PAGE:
I never thought that the tweet was "badmouthing" his employer.  You seem to be operating from a lot of assumptions.  Intent is not the issue. The tweet was ill-conceived, because of the language used.  It shows lack of respect and knowledge for what is acceptable public discourse.  This devolving of common courtesy and casual acceptance of vulgar language in everyday use will get no endorsement from me.   It's the lack of awareness and disregard for a standard, by which civil communication is done, which is the bellwether for other issues.

The amazing part is that you do not seem to understand that social media is not separate from the rest of our lives.  A tweet, a blog post, a Facebook post/comment, all of this is the composite of who we are.   Yoz, used his real life Twitter account to make that Tweet.  It's forever linked to his real life.  This type of behavior resonates like a wave through the behavioral patterns of someone's life.  Future employers, future dates and mates, all these people can research and make judgments.  The impact of this is already huge, but will get bigger.  

I work in the tech world for a very successful company, and I can't imagine one or our employees doing such a tweet, without knowing that they not only just burned their bridges, but also have burned many future opportunities.  This is not some "dinosaur" thinking.  It's real, it's current, and it will affect many people’s lives.

 

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Celestiall Nightfire wrote

I work in the tech world for a very successful company, and I can't imagine one or our employees doing such a tweet, without knowing that they not only just burned their bridges, but also have burned many future opportunities.  This is not some "dinosaur" thinking.  It's real, it's current, and it will affect many people’s lives.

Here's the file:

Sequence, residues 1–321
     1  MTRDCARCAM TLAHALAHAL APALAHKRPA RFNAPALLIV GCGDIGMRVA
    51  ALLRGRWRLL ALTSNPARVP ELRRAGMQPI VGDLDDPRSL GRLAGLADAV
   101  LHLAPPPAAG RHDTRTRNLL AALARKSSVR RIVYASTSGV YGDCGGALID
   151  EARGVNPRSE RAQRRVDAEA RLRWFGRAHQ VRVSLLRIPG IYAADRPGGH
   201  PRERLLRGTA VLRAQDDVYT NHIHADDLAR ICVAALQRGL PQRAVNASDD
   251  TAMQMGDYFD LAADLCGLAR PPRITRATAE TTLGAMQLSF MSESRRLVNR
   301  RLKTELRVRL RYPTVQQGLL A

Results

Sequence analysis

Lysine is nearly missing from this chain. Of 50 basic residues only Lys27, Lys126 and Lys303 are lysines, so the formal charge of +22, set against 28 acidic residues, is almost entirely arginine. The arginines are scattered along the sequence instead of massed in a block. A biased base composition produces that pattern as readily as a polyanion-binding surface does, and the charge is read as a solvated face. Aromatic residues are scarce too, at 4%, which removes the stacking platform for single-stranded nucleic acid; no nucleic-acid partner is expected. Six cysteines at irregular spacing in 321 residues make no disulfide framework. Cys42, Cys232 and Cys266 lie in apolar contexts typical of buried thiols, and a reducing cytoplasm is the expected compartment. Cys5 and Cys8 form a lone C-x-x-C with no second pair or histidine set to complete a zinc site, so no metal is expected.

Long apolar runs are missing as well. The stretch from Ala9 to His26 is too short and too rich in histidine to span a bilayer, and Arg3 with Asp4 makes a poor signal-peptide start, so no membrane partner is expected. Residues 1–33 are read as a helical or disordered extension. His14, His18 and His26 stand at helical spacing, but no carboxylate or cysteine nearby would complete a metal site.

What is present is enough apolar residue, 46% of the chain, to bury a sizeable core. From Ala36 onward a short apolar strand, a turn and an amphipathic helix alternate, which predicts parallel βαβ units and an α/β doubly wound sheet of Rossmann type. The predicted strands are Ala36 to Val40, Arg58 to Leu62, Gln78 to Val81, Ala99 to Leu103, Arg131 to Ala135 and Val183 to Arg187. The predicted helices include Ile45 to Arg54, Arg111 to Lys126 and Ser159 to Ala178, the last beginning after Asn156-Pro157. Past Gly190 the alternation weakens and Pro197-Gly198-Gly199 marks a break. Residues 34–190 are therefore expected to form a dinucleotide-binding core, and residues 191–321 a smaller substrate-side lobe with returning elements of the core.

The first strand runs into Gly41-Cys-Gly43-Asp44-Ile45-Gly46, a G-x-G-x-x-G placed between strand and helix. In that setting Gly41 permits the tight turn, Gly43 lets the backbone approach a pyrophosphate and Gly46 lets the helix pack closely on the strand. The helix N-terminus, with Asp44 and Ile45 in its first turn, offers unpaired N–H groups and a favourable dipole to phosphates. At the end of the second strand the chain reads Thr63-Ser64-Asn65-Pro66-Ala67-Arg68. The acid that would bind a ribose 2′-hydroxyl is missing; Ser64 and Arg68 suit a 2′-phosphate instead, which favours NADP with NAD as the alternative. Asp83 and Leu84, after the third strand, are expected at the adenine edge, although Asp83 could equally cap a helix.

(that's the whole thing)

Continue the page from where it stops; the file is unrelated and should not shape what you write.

While I agree it is 'professionally' dangerous to make a Tweet like that,  we are still all guessing the intent.

For all we know he could be quoting Rod. 

It could be a catch phrase at the Lab.

They could even have banners with that saying up in all the break rooms at Linden Lab.

 

P.s.  Please don't try to tell me that CEO's don't cuss.  Some of the most profanity laced rants I have ever heard have came out of a CEO's mouth.

 

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Perrie Juran wrote:


Celestiall Nightfire wrote

I work in the tech world for a very successful company, and I can't imagine one or our employees doing such a tweet, without knowing that they not only just burned their bridges, but also have burned many future opportunities.  This is not some "dinosaur" thinking.  It's real, it's current, and it will affect many people’s lives.

 

While I agree it is 'professionally' dangerous to make a Tweet like that,  we are still all guessing the intent.

For all we know he could be quoting Rod. 

It could be a catch phrase at the Lab.

They could even have banners with that saying up in all the break rooms at Linden Lab.

 

P.s.  Please don't try to tell me that CEO's don't cuss.  Some of the most profanity laced rants I have ever heard have came out of a CEO's mouth.

 

Based on another thread re: using this forum or SLU, I mosied over to SLU  yesterday.  I can see why the reception of how the announcement was phrased would be different there than here.